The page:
You can also find helpful tutorials here.

Copyright 2007-8 ©: Tech Paul. All rights reserved.jaanix post to jaanix

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September 11, 2008 Posted by | advice, Digital camera, Digital Images, gadgets, hardware, how to, tech, tweaks | , , , , , , , , , , , , , | 4 Comments

Digital cameras and you

Not too long ago, I mentioned my friend who was preparing to travel; and told you that for the first time he was going to leave behind his 35mm (film) camera gear, and take only a digital camera (see Mondays: love ’em or leave ’em). For the first time, he was going to leave at home his lenses, flash unit, filters, different speed/type film rolls, etc., and carry a single unit.. with a couple of spare memory chips.

I also mentioned that he is the type of fella who does extensive research before making a purchase, like a camera, and I can tell you he bought a pretty fancy digital camera for his trip.. and we’re not talking about a “pocket camera”. But, we’re not talking about an SLR (single-lens reflex) and a whole bunch of accessories, either. I won’t name a specific camera here, but I will say that his choice had 12x zoom, electronic image stabilization, and a nice, large, LCD viewer. When I held it in my hand, I was pleasantly surprised by its comfort and light weight.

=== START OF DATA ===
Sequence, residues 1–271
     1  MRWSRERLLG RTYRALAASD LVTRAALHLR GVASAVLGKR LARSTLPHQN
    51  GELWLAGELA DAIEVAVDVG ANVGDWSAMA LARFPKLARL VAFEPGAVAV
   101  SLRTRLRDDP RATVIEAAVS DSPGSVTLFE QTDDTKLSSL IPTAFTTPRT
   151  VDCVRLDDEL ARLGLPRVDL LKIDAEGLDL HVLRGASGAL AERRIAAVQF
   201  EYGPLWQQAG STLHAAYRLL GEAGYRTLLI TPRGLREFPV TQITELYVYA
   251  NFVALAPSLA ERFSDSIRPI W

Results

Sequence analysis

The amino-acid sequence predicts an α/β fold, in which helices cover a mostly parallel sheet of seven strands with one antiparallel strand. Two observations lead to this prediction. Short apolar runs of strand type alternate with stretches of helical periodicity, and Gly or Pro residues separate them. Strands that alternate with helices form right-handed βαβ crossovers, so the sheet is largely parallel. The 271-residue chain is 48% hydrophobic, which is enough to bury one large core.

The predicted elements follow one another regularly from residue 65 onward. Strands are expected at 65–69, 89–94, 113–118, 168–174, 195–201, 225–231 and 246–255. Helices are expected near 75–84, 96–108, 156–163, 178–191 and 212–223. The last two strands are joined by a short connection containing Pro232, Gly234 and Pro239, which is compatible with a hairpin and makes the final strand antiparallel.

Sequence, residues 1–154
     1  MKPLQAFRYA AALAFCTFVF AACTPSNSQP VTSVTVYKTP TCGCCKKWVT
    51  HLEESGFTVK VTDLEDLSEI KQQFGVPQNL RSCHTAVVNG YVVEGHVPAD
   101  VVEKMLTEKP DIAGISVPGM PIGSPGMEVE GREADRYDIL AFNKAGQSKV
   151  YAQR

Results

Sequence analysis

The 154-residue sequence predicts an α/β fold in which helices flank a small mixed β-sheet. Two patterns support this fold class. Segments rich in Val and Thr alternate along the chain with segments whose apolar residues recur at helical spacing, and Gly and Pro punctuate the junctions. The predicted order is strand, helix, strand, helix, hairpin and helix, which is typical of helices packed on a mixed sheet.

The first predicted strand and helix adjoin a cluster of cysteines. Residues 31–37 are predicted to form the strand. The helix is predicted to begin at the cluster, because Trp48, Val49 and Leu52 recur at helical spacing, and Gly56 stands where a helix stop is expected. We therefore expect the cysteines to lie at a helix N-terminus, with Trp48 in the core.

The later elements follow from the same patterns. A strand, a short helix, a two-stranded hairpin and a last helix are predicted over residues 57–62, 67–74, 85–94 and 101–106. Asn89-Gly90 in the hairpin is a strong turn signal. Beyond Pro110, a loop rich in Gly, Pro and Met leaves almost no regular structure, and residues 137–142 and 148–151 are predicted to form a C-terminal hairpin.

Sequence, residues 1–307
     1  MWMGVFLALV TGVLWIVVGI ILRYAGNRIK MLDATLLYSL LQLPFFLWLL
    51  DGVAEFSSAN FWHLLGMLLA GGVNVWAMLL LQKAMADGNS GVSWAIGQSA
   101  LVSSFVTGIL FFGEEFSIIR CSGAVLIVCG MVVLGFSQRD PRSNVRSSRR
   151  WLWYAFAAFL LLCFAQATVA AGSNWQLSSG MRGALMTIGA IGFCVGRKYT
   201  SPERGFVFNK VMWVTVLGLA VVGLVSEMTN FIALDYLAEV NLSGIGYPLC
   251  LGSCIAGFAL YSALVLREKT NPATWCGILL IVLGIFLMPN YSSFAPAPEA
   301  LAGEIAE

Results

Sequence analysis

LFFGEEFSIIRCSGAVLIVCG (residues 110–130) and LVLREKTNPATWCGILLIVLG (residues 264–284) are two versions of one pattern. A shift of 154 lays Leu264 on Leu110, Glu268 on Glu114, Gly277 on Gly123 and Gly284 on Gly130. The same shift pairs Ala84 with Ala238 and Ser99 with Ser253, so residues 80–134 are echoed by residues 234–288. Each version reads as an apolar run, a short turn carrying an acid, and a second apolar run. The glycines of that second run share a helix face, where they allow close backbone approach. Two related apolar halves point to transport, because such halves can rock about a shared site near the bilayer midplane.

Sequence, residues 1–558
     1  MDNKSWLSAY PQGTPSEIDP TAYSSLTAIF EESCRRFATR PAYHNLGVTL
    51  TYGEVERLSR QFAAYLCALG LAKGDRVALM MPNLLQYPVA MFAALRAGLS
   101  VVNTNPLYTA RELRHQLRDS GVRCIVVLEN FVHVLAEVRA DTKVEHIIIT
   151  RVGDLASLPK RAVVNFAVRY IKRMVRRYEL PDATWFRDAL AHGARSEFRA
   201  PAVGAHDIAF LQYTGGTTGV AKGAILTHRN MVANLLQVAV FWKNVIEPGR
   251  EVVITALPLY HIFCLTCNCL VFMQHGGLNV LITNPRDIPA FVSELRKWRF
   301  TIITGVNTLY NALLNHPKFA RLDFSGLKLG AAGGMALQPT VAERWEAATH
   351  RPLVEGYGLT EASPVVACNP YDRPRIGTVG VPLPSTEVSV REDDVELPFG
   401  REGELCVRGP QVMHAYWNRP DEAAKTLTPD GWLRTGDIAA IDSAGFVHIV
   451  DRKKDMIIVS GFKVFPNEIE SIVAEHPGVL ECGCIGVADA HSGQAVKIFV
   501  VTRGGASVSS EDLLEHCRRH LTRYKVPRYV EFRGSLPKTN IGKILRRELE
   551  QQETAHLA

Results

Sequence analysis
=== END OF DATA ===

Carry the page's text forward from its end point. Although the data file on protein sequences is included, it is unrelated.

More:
No sooner had my friend returned from his travels abroad, then he was at my door with his memory chips containing his pictures, in hand. He knows about my previous life as a professional retouch artist, and he wanted my help with culling, cropping, and color-balancing (etc.), and burning the ‘good ones’ to a slide show on  a CD.

And so I got a very good look at his “product”, and vicariously traveled abroad with him as he narrated the history of each and every shot.. much like a new father describes the wondrous attributes of his first-born. There were several things that impressed us:

I, being an old hand at professional photography, was impressed by the image quality this digital camera produced. No. The pictures weren’t Hasseleblad-quality, but the resolution, color depth and saturation, and depth of field were all remarkably good.. even when enlarged to fill my 20″ monitor. All of my color “balancing” tweaks were quite optional, and I only did two at that.